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Ursula Bethell Residency in Creative Writing

21 January 2024

Ursula Bethell was a Christchurch-based poet and artist. The Ursula Bethell Residency in Creative Writing, jointly funded by the University of Canterbury Faculty of Arts and Creative New Zealand, provides support for New Zealand writers and fosters New Zealand writing. Learn more about the Ursula Bethell Residency.


Ursula spent many of her days travelling between the two locations before settling down in Rise Cottage on the Cashmere Hills. Bethell's early works were published under the pseudonym Evelyn Hayes. The first of Bethell's collections, From a Garden in the Antipodes , is her best-known work, but Time and Place (Caxton, 1936) was her most valued: a compilation of poetry in memory of Bethell's close friend Effie Pollen. Ursula Bethell, recognised as one of the pioneers of modern New Zealand poetry, passed away in Christchurch on the 15th January 1945 at age 71.

History of the Residency

The Ursula Bethell Residency in Creative Writing, jointly funded by the University of Canterbury Faculty of Arts and Creative New Zealand, was established by the University of Canterbury in 1979 to provide support for New Zealand writers and foster New Zealand writing. The Residency allows authors of proven merit in all areas of literary and creative activity an opportunity to work on an approved project within an academic environment. Since its inception the University has been home to 40 fiction-writers, poets and dramatists, a number of whom have made a valuable contribution to the development of young writers studying at the University. We have also had the opportunity to celebrate the successes of our Residents throughout the years, one of the most memorable being Keri Hulme's Booker Prize in 1985.

Current Writers in Residence

Nic Low (Ngāi Tahu) is an author, contributing editor at New Zealand Geographic and until recently the Programme Director of WORD Christchurch Festival of books, storytelling and ideas. His writings on wilderness, history, technology and race have been widely published and anthologised on both sides of the Tasman.

His first book, polemical short story collection Arms Race (2014)was an Australian Book Review and Listener book of the year, and shortlisted for the Readings Prize and Queensland Literary Awards. Uprising(2021) details nine walking expeditions through the Māori history of the Southern Alps, and won the CLNZ Writers Award, the Wiley Prize and was runner-up, Non-fiction, at the New Zealand Heritage Book Awards. His latest is Little Doomsdays (with Phil Dadson, September 2023), exploring what previous civilisations tried to preserve when faced with their own demise. Ian Wedde, in New Zealand Review of Books, has called it “one of the most engaging, inventive and original sequences of writing I’ve read in a long time.”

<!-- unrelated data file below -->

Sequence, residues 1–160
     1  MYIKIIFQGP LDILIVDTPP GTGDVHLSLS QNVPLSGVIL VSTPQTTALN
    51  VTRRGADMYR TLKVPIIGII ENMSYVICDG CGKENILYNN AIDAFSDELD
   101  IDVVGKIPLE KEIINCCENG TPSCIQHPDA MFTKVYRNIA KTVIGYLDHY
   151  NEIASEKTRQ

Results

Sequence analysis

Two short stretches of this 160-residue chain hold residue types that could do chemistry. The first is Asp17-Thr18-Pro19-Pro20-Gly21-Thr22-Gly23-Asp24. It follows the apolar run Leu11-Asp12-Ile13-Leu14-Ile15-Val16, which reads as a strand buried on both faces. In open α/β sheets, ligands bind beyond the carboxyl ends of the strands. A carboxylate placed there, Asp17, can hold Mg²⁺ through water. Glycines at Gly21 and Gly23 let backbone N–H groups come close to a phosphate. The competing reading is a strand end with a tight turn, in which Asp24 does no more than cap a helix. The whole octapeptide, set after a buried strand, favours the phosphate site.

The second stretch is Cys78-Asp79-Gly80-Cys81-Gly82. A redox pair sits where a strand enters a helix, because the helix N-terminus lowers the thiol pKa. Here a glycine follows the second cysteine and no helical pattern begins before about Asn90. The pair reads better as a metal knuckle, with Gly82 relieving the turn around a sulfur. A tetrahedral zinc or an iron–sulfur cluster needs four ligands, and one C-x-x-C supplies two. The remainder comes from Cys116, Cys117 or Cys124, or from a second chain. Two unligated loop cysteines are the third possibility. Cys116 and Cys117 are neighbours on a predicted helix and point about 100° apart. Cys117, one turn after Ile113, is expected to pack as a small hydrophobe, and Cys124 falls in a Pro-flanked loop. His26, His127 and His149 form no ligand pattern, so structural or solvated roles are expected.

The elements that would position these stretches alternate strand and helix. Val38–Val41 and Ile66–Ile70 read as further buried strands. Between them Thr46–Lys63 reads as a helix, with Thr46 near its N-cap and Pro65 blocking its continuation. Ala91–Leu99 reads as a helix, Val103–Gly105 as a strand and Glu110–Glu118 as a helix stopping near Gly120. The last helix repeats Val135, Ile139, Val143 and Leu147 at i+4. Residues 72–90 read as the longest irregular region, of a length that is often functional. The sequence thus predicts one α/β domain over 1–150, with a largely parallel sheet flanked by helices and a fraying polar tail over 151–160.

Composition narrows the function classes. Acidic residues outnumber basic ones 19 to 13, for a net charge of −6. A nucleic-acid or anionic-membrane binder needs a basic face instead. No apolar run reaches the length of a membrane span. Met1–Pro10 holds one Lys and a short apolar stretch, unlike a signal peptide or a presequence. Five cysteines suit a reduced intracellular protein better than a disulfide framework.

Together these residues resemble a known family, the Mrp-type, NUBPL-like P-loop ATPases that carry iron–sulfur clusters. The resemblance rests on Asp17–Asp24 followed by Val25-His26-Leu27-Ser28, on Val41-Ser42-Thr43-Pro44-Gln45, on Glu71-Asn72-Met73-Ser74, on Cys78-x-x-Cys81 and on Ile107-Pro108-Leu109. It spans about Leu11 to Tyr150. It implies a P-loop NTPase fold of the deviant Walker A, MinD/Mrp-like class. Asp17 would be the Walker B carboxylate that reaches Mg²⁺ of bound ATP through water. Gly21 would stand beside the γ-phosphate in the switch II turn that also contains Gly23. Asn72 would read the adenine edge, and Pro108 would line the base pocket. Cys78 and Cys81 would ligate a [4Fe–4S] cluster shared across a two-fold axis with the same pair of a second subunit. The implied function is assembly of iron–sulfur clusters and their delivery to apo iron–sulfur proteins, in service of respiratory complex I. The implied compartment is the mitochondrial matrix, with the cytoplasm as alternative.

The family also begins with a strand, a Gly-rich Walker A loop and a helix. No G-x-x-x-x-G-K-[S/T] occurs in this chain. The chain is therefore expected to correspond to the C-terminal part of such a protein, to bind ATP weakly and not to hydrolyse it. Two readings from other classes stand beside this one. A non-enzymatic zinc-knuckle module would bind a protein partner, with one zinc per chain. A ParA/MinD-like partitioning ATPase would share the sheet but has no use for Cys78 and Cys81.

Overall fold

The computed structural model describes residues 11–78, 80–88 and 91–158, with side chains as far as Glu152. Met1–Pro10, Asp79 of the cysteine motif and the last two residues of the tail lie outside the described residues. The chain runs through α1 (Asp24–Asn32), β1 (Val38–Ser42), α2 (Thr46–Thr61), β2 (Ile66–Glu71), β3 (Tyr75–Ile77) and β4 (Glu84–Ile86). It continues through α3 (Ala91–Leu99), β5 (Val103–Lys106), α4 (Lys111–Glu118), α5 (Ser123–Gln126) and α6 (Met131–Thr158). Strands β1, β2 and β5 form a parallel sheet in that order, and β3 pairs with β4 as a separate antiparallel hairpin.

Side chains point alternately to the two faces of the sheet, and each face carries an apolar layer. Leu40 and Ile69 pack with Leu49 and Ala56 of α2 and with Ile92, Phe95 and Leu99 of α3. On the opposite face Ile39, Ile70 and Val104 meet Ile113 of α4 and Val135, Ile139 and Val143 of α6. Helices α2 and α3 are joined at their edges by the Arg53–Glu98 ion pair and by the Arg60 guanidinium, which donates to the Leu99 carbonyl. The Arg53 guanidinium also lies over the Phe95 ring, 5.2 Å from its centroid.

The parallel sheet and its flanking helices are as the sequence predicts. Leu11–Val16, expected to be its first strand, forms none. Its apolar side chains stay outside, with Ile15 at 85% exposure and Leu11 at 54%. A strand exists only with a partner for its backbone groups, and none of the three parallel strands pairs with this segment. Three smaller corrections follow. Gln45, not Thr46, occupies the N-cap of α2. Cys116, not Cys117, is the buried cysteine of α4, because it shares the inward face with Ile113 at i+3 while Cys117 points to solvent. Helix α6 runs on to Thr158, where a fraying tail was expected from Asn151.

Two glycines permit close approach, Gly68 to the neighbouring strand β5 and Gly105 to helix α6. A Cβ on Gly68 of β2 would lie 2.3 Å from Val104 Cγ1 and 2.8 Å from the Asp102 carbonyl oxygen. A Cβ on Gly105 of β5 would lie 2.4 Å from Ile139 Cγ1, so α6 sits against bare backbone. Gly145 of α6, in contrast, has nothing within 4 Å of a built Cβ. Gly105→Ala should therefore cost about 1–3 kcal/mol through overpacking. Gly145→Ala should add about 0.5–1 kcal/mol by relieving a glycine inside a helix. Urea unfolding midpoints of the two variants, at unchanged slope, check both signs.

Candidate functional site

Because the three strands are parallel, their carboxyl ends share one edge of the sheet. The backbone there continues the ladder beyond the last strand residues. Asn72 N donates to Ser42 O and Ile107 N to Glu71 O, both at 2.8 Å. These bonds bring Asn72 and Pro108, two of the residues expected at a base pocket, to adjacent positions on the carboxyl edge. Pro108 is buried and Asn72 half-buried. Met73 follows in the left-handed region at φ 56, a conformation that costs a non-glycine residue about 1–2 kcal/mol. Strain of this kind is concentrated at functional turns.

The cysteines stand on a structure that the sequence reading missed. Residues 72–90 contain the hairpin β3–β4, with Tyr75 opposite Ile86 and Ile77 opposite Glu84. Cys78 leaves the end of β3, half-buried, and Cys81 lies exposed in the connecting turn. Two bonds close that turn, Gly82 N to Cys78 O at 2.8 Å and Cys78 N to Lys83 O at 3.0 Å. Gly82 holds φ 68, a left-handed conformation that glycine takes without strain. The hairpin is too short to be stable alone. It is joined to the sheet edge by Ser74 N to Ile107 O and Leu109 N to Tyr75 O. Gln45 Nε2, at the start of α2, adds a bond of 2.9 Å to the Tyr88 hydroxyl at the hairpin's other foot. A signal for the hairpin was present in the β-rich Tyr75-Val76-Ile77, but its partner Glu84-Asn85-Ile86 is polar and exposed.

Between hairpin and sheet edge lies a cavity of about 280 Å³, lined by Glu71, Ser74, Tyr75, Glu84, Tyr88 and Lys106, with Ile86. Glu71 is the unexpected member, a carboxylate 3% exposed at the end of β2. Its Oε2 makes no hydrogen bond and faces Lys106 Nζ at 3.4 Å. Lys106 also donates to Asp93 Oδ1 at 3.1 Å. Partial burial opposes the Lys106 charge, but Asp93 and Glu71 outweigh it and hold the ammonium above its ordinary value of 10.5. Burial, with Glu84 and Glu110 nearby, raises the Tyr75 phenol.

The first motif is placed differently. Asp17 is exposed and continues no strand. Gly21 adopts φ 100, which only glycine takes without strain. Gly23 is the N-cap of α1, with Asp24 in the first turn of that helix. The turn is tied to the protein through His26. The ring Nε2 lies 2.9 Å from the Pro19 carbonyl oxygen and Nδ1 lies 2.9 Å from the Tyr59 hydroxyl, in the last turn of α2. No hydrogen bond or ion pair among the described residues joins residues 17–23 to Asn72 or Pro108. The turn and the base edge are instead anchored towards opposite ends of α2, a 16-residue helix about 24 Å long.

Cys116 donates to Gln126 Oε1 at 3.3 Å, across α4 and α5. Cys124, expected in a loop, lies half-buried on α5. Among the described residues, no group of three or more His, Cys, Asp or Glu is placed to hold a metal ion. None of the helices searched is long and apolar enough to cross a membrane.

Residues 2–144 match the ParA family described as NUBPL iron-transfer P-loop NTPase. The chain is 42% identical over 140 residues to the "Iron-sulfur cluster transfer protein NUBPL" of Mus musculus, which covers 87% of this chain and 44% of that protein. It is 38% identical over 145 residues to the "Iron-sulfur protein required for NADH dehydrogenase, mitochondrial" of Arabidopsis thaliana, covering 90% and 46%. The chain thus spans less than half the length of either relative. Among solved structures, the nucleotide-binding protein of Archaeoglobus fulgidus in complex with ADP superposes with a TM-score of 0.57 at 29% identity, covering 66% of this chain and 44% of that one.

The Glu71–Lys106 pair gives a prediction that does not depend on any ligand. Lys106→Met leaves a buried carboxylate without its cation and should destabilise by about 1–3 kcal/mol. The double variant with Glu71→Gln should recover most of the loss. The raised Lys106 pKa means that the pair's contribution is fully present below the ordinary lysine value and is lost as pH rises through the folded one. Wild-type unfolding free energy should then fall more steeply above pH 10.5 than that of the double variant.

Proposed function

While in residency at the university, Nic will be working on a novel about a group of Māori soldiers who, heading home through London after WW1, decide to rob the British Museum. It marries literary fiction with the heist genre to explore indigenous direct action and the colonial legacy of the British Museum, and to ask: what is the nexus between art, theft and war?

Postal address for the Ursula Bethell Writers in residence:
English Programme
School of Humanities
University of Canterbury
Private Bag 4800
Christchurch, New Zealand

Ariana Tikao (2023)
Octavia Cade (2023)
David Coventry
Tina Makereti
Vana Manasiadis (2021)
Behrouz Boochani (2021) 
Nathan Joe
Amy Head (2020)
Alison Glenny (2019)
Lawrence Patchett (2019
Albert Belz (2018)
Lynley Edmeades (2018)
Karen Healey (2017)
John Newton (2017)
David Howard (2016)
Philip Braithwaite (2016)
Nick Gibb (2015)
Coral Atkinson (2015)
Vivienne Plumb (2014)
Frankie McMillan (2014)
John Pule (2013)
Geoff Chapple(2013)
Helen Lowe (2012)
David Eggleton (2012)
Eleanor Catton (2011)
Graeme Tetley (2011)
Tusiata Avia (2010)
Victor Rodger (2009)
Rachael King (2008)
Philip Norman (2007)
Carl Nixon (2006)
Charlotte Randall (2005)
Graham Lindsay (2004)
Catherine Chidgey(2003)
Gavin Bishop (2003)
Apirana Taylor (2002)
James Brown (2001)
Stuart Hoar (2000)
Norman Bilbrough (1999)
Alan Brunton (1998)
Brian Turner (1997)
Hone Kouka (1996)
Michelanne Forster (1995)
Kate Flannery (1994)
Sue McCauley (1993)
Fiona Farrell (1992)
Bernadette Hall (1991)
Mervyn Thompson (1990)
Kim Eggleston (1989)
Gary Langford (1989)
Brian McNeill (1988)
Mike Johnson (1987)
Kevin Ireland (1986)
Rachel McAlpine (1986)
Graham Billing (1985)
Keri Hulme (1985)
Margaret Mahy (1984)
Murray Edmond (1983)
Barry Mitcalfe (1982)
Owen Marshall (1981)
Jennifer Compton (1980)
Michael Morrissey (1979)

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